David Hester and Barnaby Brown began building this site in August 2013. Their goal has been to facilitate the study of pibroch by making the latest research and most significant source materials more accessible. Phase 2, completed in May 2018, drew together the work of many individuals who are thanked in this report.
J David Hester, PhD, is a biblical scholar and recipient of the Alexander von Humboldt Fellowship. His expertise in tradition history and material culture provides him with the tools for understanding the transition from orality to literate culture and manuscript transmission, and helps him understand how to organize, identify and respect varying musical traditions reflected in the primary source material of pibroch.
During his academic career, he also founded a conference series that embraced the concept of dialogue over debate, an approach he brings to every discussion of music, musical interpretation, and pibroch performance.
He currently resides in Baltimore, MD, with his wife, Mary (a professional photographer). He has an older son, and a younger daughter who is a competitive grade 2 Scottish snare drummer. His instructors have included Allan MacDonald, Jori Chisholm, Maureen Connor and Chris Hamilton. He is a member of the MacMillan United Pipe Bands organization.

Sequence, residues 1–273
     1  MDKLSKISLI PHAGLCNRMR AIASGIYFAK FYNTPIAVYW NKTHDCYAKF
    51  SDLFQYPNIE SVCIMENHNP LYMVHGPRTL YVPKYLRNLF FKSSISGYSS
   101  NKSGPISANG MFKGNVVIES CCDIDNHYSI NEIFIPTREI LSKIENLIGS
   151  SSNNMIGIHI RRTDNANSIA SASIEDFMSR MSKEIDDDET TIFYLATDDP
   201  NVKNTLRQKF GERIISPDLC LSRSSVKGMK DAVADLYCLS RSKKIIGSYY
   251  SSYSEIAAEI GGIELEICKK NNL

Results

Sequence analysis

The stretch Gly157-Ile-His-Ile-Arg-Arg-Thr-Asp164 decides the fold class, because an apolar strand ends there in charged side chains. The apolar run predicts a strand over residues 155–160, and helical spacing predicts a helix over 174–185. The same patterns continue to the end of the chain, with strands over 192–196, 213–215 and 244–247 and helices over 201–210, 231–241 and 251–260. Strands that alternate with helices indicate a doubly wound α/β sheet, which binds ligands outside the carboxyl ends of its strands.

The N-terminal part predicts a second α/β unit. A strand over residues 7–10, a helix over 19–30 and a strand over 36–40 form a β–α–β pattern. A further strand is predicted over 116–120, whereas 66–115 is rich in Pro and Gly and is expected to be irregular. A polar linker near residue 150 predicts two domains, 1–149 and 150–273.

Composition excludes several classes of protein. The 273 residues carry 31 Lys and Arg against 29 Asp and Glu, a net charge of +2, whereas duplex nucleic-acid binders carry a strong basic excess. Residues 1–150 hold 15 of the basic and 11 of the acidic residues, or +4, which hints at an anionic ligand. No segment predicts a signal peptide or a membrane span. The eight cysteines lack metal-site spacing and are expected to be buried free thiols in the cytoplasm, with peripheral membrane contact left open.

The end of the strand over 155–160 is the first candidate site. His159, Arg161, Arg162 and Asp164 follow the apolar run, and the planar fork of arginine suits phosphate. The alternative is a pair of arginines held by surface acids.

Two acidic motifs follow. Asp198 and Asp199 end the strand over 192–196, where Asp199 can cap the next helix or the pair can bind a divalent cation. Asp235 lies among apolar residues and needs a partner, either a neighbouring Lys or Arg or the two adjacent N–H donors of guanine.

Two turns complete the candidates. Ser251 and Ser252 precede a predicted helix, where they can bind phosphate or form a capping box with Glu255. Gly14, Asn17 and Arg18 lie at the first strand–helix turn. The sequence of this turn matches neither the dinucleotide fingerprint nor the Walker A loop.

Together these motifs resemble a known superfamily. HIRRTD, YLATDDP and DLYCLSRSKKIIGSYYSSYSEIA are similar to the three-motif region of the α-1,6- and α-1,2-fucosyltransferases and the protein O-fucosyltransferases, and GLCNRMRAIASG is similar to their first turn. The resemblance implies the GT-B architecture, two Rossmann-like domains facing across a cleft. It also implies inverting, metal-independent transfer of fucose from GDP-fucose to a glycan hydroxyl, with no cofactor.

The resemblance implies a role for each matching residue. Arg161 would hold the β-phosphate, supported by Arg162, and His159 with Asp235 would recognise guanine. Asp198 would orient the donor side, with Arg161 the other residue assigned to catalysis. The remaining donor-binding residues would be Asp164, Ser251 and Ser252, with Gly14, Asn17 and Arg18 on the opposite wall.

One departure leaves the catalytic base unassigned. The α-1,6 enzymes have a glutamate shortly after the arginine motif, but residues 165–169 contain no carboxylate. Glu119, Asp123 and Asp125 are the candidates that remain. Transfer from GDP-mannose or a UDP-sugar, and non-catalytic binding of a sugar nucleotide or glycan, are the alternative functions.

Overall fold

Barnaby Brown learned his Highland piping in two stages. The first, aged 8-13, involved weekly lessons from Thomas Pearston, Seumas MacNeill and Fred Morrison (senior) at the College of Piping in Glasgow, Scotland. The second, aged 25-31, involved regular visits and recording sessions with Donald MacPherson, culminating in his publication of A Living Legend in 2004. In the 12 intervening years, Barnaby was principal flautist of the National Youth Orchestra of Great Britain, studied music at the University of Cambridge, took up the baroque flute, sang with the Choir of Gonville & Caius College, Cambridge, and was a primary classroom music teacher in Rome.
Barnaby is the first Highland piper to apply the principles of the early music movement to pibroch. He began measuring historic instruments with Julian Goodacre in 1998 and plays a reproduction of a chanter from c.1680. His historically-informed performance style led to three appearances at the Edinburgh International Festival and his innovative collaborations have travelled to festivals all over the world. Through broadcasts, recordings, articles, editions and teaching, Barnaby has helped to revolutionise the way pipers approach the sources of pibroch, enriching the tradition beyond the legacy of the competition system. He is currently writing a PhD thesis on pibroch at the University of Cambridge and exploring ancestors of the bagpipe – aulos, Ur pipes and triplepipes. His thesis has two counterparts – this website and the CD Spellweaving.